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Yet think not thus, when Freedom's ilís I state, I mean to flatter kings, or court the great ; Ye powers of truth that bid my soul aspire, Far from
bosom drive the low desire ! And thou, fair Freedom, taught alike to feel The rabble's rage, and tyrant's angry steel ; Thou transitory flower, alike undone By cold contempt, or favour's fostering sun, Still may thy blooms the chargeful clinie endure, I only would repress them to secure : For just experience tells in every soil, That those who think must govern those who toil ; And all that freedom's highest aims can reach, Is but to lay proportion'd loads on each ; Much on the low; the rest, as rank supplies, Should in columnar diminution rise : While, should one order disproportion'd grow, Its double weight must ruin all below. O then how blind to all that truth requires, Who think it freedom when a part aspires ! Calm is my soul, nor apt to rise in arms, Except when fast approaching danger warms : But when contending chiefs blockade the throne, Contracting regal power to stretch their own : When i behold a factious band agree To call it freedom when themselves are free ; Each wanton judge new penal statutes draw, Laws grind the poor, and rich men rule the law ; The wealth of climes, where savage nations roam, Pillag'd from slaves to purchase slaves at home ; Fear, pity, justice, indignation start, Tear off reserve, and bear my swelling heart; Till half a patriot, half a coward grown, I fly from petty tyrants to the tbrone.
Yes, brother, curse with me that baleful hour, When first ambition struck at regal power ; And thus polluting honour in its source, Gave wealth to sway the mind with double force.
Have we not seen, round Britain's peopled shore,
· E'en now, perhaps, as there some pilgrim strays Through tangled forest, and through dangerous
Vain, very vain my weary search to find
106 GOLDSMITH'S TRAVELLER.
SIR JOSHUA REYNOLDS..
I CAN have no expectations, in an address of this
kind, either to add to your reputation, or to establish my own. You can gain nothing from my admiration, as I am ignorant of that art in which you are said to excel; and I may lose much by the severity of your judgment, as few have a juster taste in poetry than you. Setting interest therefore aside, to which I never paid much attention, I must be indulged at present in following my affections. The only Dedication I ever made was to my brother, because I loved him better than most other men. He is since dead. Permit me to inscribe this poem to you.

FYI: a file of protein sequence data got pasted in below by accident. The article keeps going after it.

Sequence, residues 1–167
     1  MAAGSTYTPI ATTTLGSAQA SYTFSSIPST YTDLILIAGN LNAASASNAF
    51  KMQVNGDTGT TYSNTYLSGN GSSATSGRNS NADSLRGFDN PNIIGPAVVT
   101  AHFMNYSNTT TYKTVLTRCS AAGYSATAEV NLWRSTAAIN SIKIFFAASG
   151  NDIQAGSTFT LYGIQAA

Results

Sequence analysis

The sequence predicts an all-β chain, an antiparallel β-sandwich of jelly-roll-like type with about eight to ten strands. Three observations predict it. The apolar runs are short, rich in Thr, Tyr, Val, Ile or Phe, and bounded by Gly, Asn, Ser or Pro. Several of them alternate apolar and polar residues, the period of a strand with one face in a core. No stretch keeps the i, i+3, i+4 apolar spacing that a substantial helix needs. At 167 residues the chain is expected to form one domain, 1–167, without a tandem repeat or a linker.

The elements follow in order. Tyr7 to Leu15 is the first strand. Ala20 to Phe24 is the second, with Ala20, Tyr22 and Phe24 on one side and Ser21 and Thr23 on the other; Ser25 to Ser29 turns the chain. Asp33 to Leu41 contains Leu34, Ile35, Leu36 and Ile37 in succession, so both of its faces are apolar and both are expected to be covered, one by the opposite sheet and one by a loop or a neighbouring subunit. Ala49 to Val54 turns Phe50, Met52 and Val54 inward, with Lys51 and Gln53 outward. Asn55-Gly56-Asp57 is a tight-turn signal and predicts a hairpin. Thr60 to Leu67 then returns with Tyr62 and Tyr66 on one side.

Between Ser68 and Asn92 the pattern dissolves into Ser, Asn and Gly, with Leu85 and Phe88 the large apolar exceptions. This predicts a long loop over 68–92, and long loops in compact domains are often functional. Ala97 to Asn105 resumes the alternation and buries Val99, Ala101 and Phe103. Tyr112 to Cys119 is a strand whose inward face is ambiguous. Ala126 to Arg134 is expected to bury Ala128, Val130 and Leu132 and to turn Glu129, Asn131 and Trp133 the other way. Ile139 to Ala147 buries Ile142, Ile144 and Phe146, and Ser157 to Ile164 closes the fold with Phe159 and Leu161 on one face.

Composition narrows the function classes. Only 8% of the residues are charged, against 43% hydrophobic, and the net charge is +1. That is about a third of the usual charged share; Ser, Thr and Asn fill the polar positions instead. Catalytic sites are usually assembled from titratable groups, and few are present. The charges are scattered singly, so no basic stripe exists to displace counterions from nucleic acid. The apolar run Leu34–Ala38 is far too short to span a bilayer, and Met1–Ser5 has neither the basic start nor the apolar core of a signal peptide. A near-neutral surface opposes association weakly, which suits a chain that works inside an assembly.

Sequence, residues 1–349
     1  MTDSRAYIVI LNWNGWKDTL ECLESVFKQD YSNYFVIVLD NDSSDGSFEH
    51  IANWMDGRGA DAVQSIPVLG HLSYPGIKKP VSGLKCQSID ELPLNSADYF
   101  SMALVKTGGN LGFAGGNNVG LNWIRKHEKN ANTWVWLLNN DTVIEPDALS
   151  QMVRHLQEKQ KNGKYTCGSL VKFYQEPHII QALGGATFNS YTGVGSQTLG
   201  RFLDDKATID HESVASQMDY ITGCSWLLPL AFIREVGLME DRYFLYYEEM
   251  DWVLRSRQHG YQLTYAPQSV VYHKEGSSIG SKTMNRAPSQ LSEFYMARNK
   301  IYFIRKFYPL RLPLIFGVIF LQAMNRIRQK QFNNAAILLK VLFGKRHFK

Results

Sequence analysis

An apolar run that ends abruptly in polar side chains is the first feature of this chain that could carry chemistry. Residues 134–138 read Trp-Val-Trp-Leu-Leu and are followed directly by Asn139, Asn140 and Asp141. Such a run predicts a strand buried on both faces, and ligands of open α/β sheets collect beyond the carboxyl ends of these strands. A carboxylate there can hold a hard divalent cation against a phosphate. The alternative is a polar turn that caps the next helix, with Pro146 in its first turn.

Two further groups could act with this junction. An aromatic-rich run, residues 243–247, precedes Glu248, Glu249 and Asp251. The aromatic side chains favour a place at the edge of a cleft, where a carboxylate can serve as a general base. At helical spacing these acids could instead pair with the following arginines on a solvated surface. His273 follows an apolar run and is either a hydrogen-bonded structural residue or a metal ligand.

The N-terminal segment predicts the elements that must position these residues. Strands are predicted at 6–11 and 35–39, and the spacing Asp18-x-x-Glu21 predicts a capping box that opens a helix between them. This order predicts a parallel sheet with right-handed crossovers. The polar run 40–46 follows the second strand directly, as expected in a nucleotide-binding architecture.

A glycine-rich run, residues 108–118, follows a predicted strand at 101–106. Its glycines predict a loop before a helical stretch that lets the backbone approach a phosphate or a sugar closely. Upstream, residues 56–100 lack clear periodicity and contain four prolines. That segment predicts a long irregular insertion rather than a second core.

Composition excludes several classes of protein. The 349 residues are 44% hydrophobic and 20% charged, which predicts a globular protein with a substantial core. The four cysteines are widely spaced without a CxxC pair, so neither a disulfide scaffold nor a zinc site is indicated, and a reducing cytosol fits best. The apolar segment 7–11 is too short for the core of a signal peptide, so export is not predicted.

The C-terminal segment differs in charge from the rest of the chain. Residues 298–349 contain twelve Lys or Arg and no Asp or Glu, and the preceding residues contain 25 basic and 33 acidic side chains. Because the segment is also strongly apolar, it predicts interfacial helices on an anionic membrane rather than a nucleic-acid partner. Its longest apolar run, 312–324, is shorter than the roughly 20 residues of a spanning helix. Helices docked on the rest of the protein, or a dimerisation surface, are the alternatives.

How far you may be pleased with the versification and mere mechanical parts of this attempt, I do not pretend to inquire : but I know you will object (and indeed several of our best and wisest friends concur in the opinion) that the depopulation it deplores is no where to be seen, and the disorders it laments are only to be found in the poet's own imagination. To this I can scarce make any other answer, than that I sincerely believe what I have written ; that I have taken all possible pains, in my country excursions
for these four or five years past, to be certain of what I alledge, and that all my views and inquiries have led me to believe those miseries real, which I here attempt to display. But this is not the place to enter into an inquiry whether the country be depopulating or not : the discussion would take up much room ; and I should prove myself, at best, an indifferent politician, and tire the reader with a long preface, when I want his unfatigued attention to a long poem.
In regretting the depopulation of the country, I inveigh against the increase of our luxuries; and here also I expect the shout of modern politicians against me. For twenty or thirty years past, it has been the fashion to consider luxury as one of the greatest national advantages; and all the wisdom of antiquity in that particular as erroneous. Still, however, I must remain a professed ancient on that head, and continue to think those luxuries prejudicial to states, by which so many vices are introduced, and so many kingdoms have been undone. Indeed, so much has been poured out, of late, on the other side of the question, that, merely for the sake of novelty and variety, one would sometimes wish to be in the right.
I am, dear Sir,
Your sincere friend, and ardent admirer,